Dwight Peck's personal Web site

The Veneto region in May 2017

A restful week around the Euganean Hills



You may not find this terribly rewarding unless you're included here, so this is a good time for casual and random browsers to turn back before they get too caught up in the sweep and majesty of the proceedings and can't let go.

The Cittadella wall walk

We were visiting the Veneto region north of Venice earlier this spring, and now we're back to see some more of what we missed farther south.

Approaching Cittadella's centro storico from the north -- back in February we were coming down from Bassano del Grappa and joining the SR53 to Castelfranco Veneto at the Cittadella exchange. Nothing about Cittadella looked interesting at that time (from the SR53 highway) and we blew right past it.

A month or so later we looked up Cittadella in a guidebook and slapped our foreheads smartly. We'd made a huge mistake, not our first or last one, so here we are, back again. We're entering the walled old city over the former drawbridge of the Porta Bassano northern gate, but . . .

. . . taking a left turn halfway through the gate into the carpark that rings half the city, outside the walls but inside the moat.

Cittadella, a small city of ca. 20,000 souls, has arguably the best or one of the best entirely walkable set of medieval city walls in Europe, 1.46km in circumference, about 450m in diameter in an ellipse, with four major gatehouse keeps, 12 large towers and 16 smaller ones, all recently 'made safe' and opened for enthusiastic tourist access in 2013. It's a brilliant job.

This is the Treviso Gate facing eastward (towards Treviso, duh), with a triple access system and a 25m tower. This like the walls has been constructed of brick and gravel from the river Brenta 5km to the west.

The inside of the Treviso Gate on Via Marconi, with frescoes of the Annunciation. In the ceaseless interurban aggressions of the High Middle Ages, Castelfranco was built 11km east of here, completed in 1218, by the rival city of Treviso to suppress the local warlords and keep Padua's expansionist pretensions at bay. Padua then built Cittadella as a livable fortress, in 1220-1222, more or less ab initio, as a suitably robust response.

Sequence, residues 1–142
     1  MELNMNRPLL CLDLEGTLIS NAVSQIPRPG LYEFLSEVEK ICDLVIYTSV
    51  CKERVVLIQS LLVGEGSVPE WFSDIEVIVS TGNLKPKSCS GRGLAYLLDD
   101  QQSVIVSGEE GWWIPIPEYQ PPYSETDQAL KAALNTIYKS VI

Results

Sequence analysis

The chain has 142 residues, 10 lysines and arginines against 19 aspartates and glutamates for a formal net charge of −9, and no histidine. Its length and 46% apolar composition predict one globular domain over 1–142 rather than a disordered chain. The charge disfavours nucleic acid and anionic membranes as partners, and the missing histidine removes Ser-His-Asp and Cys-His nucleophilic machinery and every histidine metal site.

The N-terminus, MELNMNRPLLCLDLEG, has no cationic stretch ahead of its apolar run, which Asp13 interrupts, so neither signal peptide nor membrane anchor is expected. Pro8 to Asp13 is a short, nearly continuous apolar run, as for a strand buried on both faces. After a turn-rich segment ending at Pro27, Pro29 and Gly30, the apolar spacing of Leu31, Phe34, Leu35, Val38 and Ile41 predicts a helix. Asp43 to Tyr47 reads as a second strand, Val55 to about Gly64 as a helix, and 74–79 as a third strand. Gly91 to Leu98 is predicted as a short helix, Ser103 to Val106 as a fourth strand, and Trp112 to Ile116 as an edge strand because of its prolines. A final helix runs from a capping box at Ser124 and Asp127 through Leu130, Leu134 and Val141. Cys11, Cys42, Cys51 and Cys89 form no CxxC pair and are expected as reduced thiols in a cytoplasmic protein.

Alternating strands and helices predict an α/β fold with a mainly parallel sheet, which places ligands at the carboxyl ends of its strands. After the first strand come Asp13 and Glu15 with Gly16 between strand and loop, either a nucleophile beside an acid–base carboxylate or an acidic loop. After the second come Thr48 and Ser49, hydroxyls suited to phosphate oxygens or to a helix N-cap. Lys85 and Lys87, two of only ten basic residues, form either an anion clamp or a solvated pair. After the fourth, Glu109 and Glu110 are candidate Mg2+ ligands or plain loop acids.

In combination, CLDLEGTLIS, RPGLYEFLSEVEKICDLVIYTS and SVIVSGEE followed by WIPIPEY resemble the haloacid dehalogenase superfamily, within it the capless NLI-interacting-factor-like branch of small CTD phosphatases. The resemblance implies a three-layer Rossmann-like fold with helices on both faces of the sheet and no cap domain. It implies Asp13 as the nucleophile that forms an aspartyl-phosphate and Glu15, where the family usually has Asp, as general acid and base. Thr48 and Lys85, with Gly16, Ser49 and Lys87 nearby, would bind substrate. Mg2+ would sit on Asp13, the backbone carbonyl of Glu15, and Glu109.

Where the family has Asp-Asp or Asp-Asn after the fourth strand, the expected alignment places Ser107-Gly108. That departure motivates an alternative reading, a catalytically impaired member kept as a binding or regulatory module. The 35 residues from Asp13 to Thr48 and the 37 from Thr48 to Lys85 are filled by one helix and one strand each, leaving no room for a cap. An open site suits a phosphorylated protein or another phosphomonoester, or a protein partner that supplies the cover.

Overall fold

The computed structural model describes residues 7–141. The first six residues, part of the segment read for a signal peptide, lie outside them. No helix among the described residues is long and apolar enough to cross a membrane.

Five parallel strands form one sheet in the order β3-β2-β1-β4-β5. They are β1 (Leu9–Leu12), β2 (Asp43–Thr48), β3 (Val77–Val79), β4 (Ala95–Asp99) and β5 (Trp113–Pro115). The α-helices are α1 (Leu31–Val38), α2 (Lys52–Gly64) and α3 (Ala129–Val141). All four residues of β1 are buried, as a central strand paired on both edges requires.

The Palazzo Pretorio, residence of the podestà or governor under Padua's and, from the 15th century, Venice's administration of the city. Somebody was inhabiting the area before the Romans showed up in the 2nd century BC, but for them the place was strategically well placed -- the Via Postumia road connecting Genoa with Aquileia on the Adriatic was constructed in 148 BC, the Via Claudia Augusta following the Valsugana from the Adriatic northward towards Germany and Austria was completed in the first century AD, and the region around Cittadella was virtually at the crossroads.

The Bonetta Bistrot. Padua's expanionist aspirations from the 12th century onward set off an extended period of interurban warfare in the middle Brenta area in the Veneto region, namely amongst Padua, Verona, Vicenza, and Treviso most importantly, including a number of imposing family dynasties. In 1237 the dreadful warlord from Bassano, Ezzolino III da Romana, Imperial Vicar for the Emperor Frederick II, conquered Cittadella and ruled it and many other towns, cruelly we're told, until 1256 -- he it was who contributed to the development of Cittadella's fortifications and built the Torre di Malta into the Porta Padova or southern gate "as a ghastly prison for his enemies in 1251".

The Via Guglielmo Marconi, looking back at the Treviso Gate. In 1319 the famous warlord Cangrande ("Big Dog") I della Scala, or Scaliger, ruler of Verona, conquered Cittadella whilst extending the Emperor's and his own hegemony past Vicenza and Padua into the March of Treviso -- the regime continued until 1336 when his successor, Mastino II della Scala, was forced to surrender all his cities except Verona and Vicenza by an ad hoc League comprising Bologna, Ferrara, Florence, Mantua, Milan, Perugia, Siena, Venice, and the Papal States -- that kind of collaboration was rare in Italy.

The central square, the 'Piazza Duomo' in effect, is called the Piazza Luigi Pierobon to honor the 22-year-old student and leader in the Vicenza formations of the anti-fascist partisans, betrayed in Padua and executed in August 1944. The building is the Palazzo della Loggia from at least the 15th century, remodeled in 1816 and now the home of the local police.

The Piazza Pierobon. Next in the queue, the Carraresi lords of Padua returned in the 14th century, until Gian Galeazzo Visconti, soon to be Duke of Milan, took a turn in 1389 -- at last the good citizens of Cittadella turned themselves over to the protection of the Venetian Republic in 1405, as did many other battered, exhausted cities of the region. Briefly, the condottiero Roberto Sanseverino hung out here, where he had various possessions, when he was out of favor with employers in the 1480s, and in the early 16th century Venice granted the city as a fief to its favorite mercenary captain, Pandolfo IV Malatesta (aka 'Bad Pandulph'), former Lord of Rimini, but otherwise Cittadella prospered under the Venetians until Napoleon arrived in 1797.